Oh, I’m gonna have a cupcake, I just ran 8 miles. I earned it.
Ever said that? Or maybe instead, “I’m gonna have to spend 4 hours at the gym this weekend to make up for the food and drinks I had Friday evening.”
I’ve totally said those things. I’ve posted a photo on Facebook of a highly-indulgent post-marathon meal, saying things like, “I earned that cupcake/margarita/cheeseburger.” I’ve also punished myself with excess exercise after having an exception to my normal balanced eating plan.
These are not healthy behaviors. For some of us, this line of thinking is a fast track to disordered thinking about food. For everyone else, it’s at a minimum not a healthy way to think about food or exercise.
So here’s the deal: you want a cupcake? Have a cupcake. It’s not necessary to “earn” every bite you put in your mouth. It takes calories just to exist, even if existing means you sat on the sofa all day. Yes, we should balance how much we eat and how active we are, but you don’t have to earn an occasional sweet treat.
And the other part of this deal? Exercise is NOT punishment. If you make exercise a punishment for eating, you’re not ever going to enjoy either food or exercise. It’s okay to enjoy both of them! Exercise can be just as fun and enjoyable as food can be tasty. We’re also more likely to stick with an exercise routine if we enjoy it as opposed to disliking it or viewing it as a punishment.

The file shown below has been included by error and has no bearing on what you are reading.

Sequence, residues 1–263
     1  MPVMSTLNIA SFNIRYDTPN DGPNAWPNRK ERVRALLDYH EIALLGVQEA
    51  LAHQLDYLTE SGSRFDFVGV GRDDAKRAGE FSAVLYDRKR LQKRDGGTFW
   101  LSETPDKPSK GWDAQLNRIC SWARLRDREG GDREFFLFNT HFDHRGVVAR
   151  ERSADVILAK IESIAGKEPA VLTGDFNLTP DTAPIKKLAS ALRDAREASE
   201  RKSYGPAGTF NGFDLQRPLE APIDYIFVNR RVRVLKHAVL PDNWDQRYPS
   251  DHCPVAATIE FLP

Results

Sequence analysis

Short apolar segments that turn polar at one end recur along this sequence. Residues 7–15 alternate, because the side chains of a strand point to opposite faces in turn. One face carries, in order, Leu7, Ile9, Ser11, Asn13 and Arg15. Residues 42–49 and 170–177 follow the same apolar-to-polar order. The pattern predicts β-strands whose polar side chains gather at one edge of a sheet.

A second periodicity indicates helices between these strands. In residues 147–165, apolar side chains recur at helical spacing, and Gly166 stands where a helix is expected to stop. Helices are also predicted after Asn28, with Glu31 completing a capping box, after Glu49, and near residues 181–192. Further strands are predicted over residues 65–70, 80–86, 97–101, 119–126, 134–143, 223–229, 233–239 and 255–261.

The next time you want a slice of pie and think you have to earn it first, consider being softer to yourself. You’ve already earned the right to be kind to yourself.
I ATE THE CUPCAKE!!! In fact, I ate two. But not at the same time. 😀
I love that you ate the cupcake…or two!
Shirley @ gfe & All Gluten-Free Desserts says
This is a good topic because it’s a pattern that’s hard to break. Most of us grow up being rewarded with treats (from parents, grandparents, teachers, etc.) and we’re bombarded with “you deserve this” and “work off that dessert” messages everywhere really. Now hubby and I use meals out as a way to interact with others and break up our day. It’s still food, but it’s also a treat. I saw my sister giving away Easter baskets filled with WW treats to her son and his wife. And a friend just confessed to giving her 18-month old granddaughter treats even though her daughter doesn’t want her to have sweets. Food is SUCH a complex subject!
It certainly is a complex subject, Shirley! While on my weight loss journey, I tried to find non-food ways to connect with people and to celebrate. That is not easy in our culture! So many things we do are food-centric (said the food writer). I’ll keep working on finding balance…and eating an occasional cupcake. 😉